This Photo Of Two Engineers Hugging Atop A Burning Turbine Before They Died Is Heart-Breaking! archipelagofiles

This photograph tugs at your heartstrings. Two engineers hug and cling to each other as fire and smoke creeps toward them. They both died after. According to news reports, one of them jumped off the turbine while the other succumbed to the fire. What makes this more heartbreaking is that the two engineers are just aged 19 and 21.


Solar panel installer dies after falling through roof Installer Online; Feb 2015?

A solar panel installer has died after he fell through a barn roof. His employer Eco Generation Ltd has been fined £45,000 after it was found the company had failed to provide vital safety equipment. Gregorz Sobko had been working on the roof of a cowshed when one of the clear plastic panels, designed to let in light, gave way. The 34-year-old from Southport fell five metres to the concrete floor below and died in hospital ten days later.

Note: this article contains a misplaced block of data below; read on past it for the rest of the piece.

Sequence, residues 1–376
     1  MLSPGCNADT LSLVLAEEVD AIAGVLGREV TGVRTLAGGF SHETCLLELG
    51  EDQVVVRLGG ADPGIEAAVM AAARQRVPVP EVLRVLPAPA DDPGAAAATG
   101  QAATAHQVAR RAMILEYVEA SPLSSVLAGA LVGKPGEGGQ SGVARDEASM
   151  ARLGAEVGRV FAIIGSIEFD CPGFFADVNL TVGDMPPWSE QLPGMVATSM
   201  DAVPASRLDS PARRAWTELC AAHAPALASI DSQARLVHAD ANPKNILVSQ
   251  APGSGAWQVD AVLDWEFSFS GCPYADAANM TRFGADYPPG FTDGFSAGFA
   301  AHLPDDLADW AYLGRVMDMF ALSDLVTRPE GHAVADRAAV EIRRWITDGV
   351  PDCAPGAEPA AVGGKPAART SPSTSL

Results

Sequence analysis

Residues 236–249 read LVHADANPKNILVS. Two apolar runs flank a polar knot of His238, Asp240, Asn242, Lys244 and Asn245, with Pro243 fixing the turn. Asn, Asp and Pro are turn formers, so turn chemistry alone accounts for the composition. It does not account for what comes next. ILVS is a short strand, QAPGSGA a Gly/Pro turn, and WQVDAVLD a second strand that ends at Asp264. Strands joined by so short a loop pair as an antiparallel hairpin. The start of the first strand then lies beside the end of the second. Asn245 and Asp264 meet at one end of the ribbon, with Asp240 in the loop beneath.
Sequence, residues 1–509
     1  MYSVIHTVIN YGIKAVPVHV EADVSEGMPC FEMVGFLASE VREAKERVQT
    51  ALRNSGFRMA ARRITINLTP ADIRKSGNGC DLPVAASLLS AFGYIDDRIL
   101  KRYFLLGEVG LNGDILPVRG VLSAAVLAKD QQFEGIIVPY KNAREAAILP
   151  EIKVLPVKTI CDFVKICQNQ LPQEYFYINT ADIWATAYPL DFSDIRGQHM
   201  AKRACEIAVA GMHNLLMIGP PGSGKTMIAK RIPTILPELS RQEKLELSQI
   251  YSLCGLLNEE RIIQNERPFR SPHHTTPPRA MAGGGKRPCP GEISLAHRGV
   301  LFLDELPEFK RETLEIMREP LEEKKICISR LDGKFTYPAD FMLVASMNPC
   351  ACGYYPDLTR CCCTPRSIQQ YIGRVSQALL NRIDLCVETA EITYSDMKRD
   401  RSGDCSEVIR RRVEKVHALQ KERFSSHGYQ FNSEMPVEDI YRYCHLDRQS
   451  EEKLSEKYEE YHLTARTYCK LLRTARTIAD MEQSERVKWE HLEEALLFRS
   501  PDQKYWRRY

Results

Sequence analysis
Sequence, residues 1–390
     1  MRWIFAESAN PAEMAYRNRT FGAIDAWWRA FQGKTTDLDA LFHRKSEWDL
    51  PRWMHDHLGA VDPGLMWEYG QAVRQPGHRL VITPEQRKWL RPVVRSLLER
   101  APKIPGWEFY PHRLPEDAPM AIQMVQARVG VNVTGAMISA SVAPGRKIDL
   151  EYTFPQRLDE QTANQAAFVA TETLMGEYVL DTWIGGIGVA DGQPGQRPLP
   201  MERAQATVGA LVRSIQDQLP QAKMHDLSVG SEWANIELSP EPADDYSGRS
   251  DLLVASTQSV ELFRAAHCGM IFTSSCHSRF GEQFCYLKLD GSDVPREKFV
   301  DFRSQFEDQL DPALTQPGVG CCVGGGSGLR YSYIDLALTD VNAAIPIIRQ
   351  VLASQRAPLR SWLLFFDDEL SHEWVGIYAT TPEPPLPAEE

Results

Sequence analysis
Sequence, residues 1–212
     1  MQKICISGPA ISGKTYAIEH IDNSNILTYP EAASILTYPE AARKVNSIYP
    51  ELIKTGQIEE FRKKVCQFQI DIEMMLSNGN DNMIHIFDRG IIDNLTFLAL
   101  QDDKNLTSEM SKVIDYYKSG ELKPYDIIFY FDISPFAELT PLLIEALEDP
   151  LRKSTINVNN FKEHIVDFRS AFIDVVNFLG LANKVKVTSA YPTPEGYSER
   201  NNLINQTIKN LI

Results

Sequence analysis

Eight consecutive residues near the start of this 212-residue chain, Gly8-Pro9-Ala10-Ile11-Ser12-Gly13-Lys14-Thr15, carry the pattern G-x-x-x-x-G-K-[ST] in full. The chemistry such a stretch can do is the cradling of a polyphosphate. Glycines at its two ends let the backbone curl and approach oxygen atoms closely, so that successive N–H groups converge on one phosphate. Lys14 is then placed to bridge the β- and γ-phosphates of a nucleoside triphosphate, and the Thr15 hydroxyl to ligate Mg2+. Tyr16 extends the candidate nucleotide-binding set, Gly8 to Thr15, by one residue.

Banqiao Dam wikipedia

The Banqiao Reservoir Dam is a dam on the River Ru in Zhumadian City, Henan province, China. Its failure in 1975 caused more casualties than any other dam failure in history. It was subsequently rebuilt. The Banqiao dam and Shimantan Reservoir Dam are among 62 dams in Zhumadian that failed catastrophically or were intentionally destroyed in 1975 during Typhoon Nina. These dam failures killed an estimated 171,000 people; 11 million people lost their homes. It also caused the sudden loss of 18 GW of power, the power output equivalent of roughly 9 very large modern coal-fired thermal power stations.

The Catastrophic Dam Failures in China in August 1975 San José State University Department of Economics

Sources: Yi Si, "The World's Most Catastrophic Dam Failures: The August 1975 Collapse of the Banqiao and Shimantan Dams," in Dai Qing, The River Dragon Has Come!, M.E. Sharpe, New York, 1998.

2009 Sayano–Shushenskaya power station accident wikipedia

The 2009 Sayano–Shushenskaya hydroelectric power station accident occurred at 00:13 GMT on 17 August 2009, (08:13 AM local time) when turbine 2 of the Sayano–Shushenskaya hydroelectric power station near Sayanogorsk in Khakassia, Russia, broke apart violently. The turbine hall and engine room were flooded, the ceiling of the turbine hall collapsed, 9 of 10 turbines were damaged or destroyed, and 75 people were killed.